(Continued on page 4.)

By a jump of 30 the life i
ship roll was boosted well up
the 600 mark. Only six of the
cards were handed in last nigl
report from P. D. Koontz, '14
man of the lit committee broi
total up to 30.
The following are the name
ed in to General Chairman Cyr
last night. J. S. Thornton, '14
Dean, '14, D. J. Wanless, '16]
Rosenberry, '04M, J.T. Upjohn,
J. J. O'Leary, '14.
Three men have been picked
charge of the sophomore ca
which starts this morning.
Bruch, '16L, will direct the fr
canvass, J. W. Finkensteadt, '1
look after the soph engineers
B. Thom, '15, will be respons
the soph lits. Committees a
being appointed for the faculty
which will start in a few days.
DR. ANGELL WILL NOT TAE
ACTIVE PART IN EXI
Dr., Angell will be unable
part in the Washingtn birthda
cises, which are to be held Sun
ternbon at 3:00 o'clock in Hi
torium,. under the auspices
Daughters of the American
tion. He and President Hutch
be on the platform, however
program, which has been a
mainly through the efforts of I
of Professor William Wait, is
lows:
Organ solo..........Earl V
Opening prayer.
Star Spangled Banner .......
... . Frederick
Battle Hymn of the Republic ,
...... . Mrs. George Ha
Audience joining in chor
Address.........Hon. Perry
Offertory .........Earl V
Tenting on the Old Camp Grou
.University Q
America. ......... A
Laws Call Off Washington Lt
The Washington Birthday 1L
planned for Monday noon, F
23, for all law classes, has bee:
off, because of the inability to
a speaker. The senior laws wi
ever, hold their annual Was
Birthday dance at the Union,
night at 9:00 o'clock.
J
Lit Team Is Bested in Lively
In a hard fought contest
Weinberg's the engineers out
the lits by a final score of 5 t<
first half ended with the sec
at 2 to 2, but during the secc
the engineers showed some re
and annexed three .counts wl
hits failed to score.
S. S. Grosner to Speak at I
Sylvan S. Grosner will delivc
ceum club lecture on "The Whil
Burden" at Hanover, Mich., to

Plans for a solid organization of the
Women's Dramatic association were
adopted at an open meeting held in
Barbour gymnasium yesterday after-
noon. About eighty women signed up
for membership, pledging their sup-
port to the organization. The execu-
tive power was left in the hands of
"The Masques," but several commit-
tees were appointed from the society
at large, for staging and advertising
purposes. Membership will be left
open until further notice, and women
interested in dramatics may join the
organization at any subsequent meet-
ing until the rolls are closed. Dues
were placed at 50 cents a year.
"The Kleptomaniac," a one act farce,
will be presented by the association,
at its next meeting at 4:00 o'clok
Thursday afternoon, February 26, in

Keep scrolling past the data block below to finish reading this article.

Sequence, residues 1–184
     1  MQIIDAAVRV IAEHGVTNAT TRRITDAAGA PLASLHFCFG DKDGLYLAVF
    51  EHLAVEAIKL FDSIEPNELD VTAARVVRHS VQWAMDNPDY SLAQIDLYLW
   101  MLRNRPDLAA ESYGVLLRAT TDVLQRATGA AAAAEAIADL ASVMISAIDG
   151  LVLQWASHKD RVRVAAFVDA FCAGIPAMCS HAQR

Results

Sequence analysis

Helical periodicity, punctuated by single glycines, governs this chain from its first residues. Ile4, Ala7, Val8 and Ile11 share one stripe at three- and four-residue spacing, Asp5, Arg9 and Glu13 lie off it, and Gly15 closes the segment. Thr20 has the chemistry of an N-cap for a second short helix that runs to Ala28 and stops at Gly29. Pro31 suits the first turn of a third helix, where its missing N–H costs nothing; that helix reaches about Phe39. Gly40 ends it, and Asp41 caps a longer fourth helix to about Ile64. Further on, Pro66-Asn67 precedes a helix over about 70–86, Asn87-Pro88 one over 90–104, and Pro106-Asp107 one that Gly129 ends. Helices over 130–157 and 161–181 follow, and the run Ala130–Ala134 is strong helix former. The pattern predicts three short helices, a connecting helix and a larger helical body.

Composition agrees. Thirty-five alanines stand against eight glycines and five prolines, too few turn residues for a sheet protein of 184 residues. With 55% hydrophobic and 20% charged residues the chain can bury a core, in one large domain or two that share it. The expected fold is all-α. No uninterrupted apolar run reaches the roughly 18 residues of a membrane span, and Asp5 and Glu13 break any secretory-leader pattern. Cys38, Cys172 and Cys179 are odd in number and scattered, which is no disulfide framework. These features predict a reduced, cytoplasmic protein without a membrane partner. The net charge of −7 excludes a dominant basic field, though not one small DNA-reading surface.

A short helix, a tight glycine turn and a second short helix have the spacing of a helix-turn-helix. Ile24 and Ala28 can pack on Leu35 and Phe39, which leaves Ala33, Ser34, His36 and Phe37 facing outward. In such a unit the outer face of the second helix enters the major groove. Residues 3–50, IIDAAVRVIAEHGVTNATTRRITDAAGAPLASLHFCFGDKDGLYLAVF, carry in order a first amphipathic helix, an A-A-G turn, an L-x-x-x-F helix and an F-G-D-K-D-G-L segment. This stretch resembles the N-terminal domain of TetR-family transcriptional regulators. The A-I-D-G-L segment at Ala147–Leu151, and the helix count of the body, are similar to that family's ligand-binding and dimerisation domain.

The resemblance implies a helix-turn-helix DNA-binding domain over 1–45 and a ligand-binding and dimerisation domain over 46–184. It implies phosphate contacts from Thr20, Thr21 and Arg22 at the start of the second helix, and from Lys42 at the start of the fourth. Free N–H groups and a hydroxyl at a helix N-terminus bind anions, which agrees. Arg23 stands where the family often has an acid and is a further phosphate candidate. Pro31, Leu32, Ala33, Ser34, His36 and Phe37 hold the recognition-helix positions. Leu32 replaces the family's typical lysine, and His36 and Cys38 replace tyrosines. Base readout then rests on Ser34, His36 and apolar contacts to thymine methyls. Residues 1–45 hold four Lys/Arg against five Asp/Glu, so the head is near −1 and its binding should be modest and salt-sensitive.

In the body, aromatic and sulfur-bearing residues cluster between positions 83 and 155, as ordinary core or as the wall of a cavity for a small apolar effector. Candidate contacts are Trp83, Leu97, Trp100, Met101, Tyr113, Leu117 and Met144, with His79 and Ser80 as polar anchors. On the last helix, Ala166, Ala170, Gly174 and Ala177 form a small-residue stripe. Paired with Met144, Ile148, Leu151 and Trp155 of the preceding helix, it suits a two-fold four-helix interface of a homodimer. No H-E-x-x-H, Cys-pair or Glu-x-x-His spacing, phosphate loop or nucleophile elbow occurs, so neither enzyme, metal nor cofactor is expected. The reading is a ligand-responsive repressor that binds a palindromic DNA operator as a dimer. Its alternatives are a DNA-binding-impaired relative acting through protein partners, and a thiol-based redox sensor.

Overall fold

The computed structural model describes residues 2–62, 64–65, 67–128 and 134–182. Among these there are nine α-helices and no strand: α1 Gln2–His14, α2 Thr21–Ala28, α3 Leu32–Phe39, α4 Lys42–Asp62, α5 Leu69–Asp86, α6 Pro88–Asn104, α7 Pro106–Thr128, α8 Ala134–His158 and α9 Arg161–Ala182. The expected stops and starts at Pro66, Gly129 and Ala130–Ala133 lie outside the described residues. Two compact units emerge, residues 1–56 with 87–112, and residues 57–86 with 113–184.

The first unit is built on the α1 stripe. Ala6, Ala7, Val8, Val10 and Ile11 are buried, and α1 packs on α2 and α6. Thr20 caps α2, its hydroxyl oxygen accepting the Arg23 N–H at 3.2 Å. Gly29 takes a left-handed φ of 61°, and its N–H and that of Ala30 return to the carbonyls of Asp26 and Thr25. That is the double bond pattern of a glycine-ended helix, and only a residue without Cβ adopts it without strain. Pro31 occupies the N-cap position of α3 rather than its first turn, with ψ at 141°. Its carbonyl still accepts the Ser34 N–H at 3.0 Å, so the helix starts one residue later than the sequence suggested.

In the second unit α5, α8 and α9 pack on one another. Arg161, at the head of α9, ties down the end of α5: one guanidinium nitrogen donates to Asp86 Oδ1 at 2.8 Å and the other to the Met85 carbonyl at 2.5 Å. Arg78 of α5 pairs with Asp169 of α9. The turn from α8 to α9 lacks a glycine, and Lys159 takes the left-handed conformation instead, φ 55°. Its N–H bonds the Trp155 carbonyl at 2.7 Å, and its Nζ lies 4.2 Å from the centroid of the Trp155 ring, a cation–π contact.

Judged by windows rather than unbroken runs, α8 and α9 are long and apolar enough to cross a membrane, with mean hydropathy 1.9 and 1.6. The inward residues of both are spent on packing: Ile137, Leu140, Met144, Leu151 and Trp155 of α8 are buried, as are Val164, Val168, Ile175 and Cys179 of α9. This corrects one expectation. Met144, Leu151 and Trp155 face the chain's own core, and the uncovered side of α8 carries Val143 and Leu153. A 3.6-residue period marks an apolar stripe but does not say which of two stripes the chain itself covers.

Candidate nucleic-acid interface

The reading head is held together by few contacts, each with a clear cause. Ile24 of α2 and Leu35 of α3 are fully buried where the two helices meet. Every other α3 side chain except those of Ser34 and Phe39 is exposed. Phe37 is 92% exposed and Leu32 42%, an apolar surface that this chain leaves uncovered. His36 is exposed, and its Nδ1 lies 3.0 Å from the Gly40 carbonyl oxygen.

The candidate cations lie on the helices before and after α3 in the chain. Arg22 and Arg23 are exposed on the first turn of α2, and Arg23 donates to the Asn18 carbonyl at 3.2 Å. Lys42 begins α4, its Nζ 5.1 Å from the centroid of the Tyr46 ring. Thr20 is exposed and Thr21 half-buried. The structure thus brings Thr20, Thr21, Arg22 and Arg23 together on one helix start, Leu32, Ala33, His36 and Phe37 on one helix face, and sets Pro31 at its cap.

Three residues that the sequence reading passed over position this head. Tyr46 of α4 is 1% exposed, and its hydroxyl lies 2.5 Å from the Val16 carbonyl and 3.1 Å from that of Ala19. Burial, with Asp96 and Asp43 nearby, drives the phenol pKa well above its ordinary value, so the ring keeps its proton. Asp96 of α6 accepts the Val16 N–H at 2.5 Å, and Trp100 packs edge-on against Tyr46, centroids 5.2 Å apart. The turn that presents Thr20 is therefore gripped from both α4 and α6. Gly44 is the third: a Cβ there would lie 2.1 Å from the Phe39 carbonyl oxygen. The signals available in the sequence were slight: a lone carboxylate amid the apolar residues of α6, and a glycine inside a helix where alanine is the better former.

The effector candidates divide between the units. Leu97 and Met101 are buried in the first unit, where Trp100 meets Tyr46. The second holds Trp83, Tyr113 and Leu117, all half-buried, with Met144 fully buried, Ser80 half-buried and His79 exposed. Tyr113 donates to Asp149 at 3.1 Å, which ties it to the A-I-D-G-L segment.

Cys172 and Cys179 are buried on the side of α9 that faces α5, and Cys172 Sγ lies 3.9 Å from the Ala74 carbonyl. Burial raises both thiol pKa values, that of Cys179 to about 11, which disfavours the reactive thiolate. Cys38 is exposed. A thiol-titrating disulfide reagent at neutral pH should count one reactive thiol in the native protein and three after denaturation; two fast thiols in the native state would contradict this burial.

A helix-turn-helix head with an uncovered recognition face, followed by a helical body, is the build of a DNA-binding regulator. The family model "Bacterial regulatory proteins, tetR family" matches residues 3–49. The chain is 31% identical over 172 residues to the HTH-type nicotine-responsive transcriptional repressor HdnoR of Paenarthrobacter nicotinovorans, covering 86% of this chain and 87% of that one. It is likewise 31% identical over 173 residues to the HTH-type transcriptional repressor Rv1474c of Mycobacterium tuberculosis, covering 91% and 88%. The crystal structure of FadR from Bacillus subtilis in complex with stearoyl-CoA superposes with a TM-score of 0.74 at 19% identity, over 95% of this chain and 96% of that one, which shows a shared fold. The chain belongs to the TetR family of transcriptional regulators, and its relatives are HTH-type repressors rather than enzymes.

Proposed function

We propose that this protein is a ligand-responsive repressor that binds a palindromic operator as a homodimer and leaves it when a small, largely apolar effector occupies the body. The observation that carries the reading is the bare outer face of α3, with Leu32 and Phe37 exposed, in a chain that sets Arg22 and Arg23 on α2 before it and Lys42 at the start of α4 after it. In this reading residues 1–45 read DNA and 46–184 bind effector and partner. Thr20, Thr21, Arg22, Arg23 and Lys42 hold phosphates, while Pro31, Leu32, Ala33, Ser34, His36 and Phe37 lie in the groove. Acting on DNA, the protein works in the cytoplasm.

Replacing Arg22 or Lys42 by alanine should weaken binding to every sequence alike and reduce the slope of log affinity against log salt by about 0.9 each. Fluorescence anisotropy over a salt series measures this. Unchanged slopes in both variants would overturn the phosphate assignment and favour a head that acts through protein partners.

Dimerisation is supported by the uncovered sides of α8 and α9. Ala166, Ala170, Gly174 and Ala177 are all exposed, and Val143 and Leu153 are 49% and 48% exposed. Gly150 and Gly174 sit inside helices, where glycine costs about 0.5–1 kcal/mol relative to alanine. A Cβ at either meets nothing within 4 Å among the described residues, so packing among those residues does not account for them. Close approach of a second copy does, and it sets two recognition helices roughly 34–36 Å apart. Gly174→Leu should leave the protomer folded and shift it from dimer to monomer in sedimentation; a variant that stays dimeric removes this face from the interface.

Sarah Caswell Angell hall. It was
decided to extend an invitation to all
university and faculty women to come
to this meeting.
Michigamua Will Hold Sleigh Ride
Members of the Michigamua are ar-
ranging to give a sleigh ride and dance
next Monday, February 23. The so- 1
ciety members, with friends, will leave
Ann Arbor about 4:00 o'clock Monday
afternoon and will go to some nearby
town where supper will be served,
after which a dance will be held.

Soph lits will meet at 4:00 o'clock
today in Tappan hall to act upon the
proposed constitution for the soph
prom., and to elect a general chair-
man for the same. The proposed con-
stitution provides for the election of
the chairman from the social commit-
tee of the soph lit class this year, and
to alternate in succeeding years with
the engineers.
The election of D. R. Ballentine as
general chairman, at a meeting held
January 21, has been declared uncon-
stitutinal by A. R. Grierson, president
of the class, and by Prof. A. H. Lloyd,
of the non-athletic committee, because
of a technicality due to.insufficient no-
tice in advance.
Senior Lits Hold '"4" Banquet at Union
Senior its enjoyed the third dinner
of the series, at the Michigan Union
last night, in the form of an "M" ban-
quet. Prof. Arthur Hall, and S. F.
Gingerich, Perry Howard and Roy
Torbet gave talks. Arthur Kohler act-
ed as toastmaster.
Norman Hapgood to Be in Ann Arbor
Mr. Norman Hapgood, editor of Har-
per's Weekly and formerly editor of
Collier's Weekly, will be in Ann Arbor
Monday and Tuesday. Monday night
Mr. Hapgood will speak at a Daily din-
ner, which will. be given at the Union

A new system of elimination will re-
ceive a tryout in this year's basketball
series. In previous years it has been
the custom of the teams in the vari-
ous departments to play for the de-
partment championship, and then have
the finals between these champions.
The system to be used this year
will disregard departments entirely,
and instead will call for an elimination
series between the teams in each class.
The finals will be played among the
two best teams from each class.
This method does away with many
undesirable features, and makes it
possible for more than one team from
each department to win the coveted
numerals. Percentages will be the ba-
sis for elimination.
in his honor. Tuesday morning he
will address Professor F. N. Scott's
class in journalism.
Member of '77L Class Visits Campus
George A. Wood, '77L, prominent coal
operator of Springfield, Ill., paid his
first visit to the campus yesterday,
after an absence of 37 years. The only
buildings he could recognize were a
portion of University hall, and the old
homeopathic building. Mr. Wood is
visiting his son, George P. Wood, '16.

U U

HEAR

GLEE & MANDOLIN CLUB

SEE

COMEDY QUARTET
STRING MELODY TRIO
COMIC OPERA HITS
RAGTIME PARODIES

CO

CERT,

.ROMEO AND JUL
THE BALCONY SC
BASS DRUM PAR
SPANISH BOHEI

HILL AVDITORIVM, NEXT TVESDAY EVE., ALL SEATS 25 ?E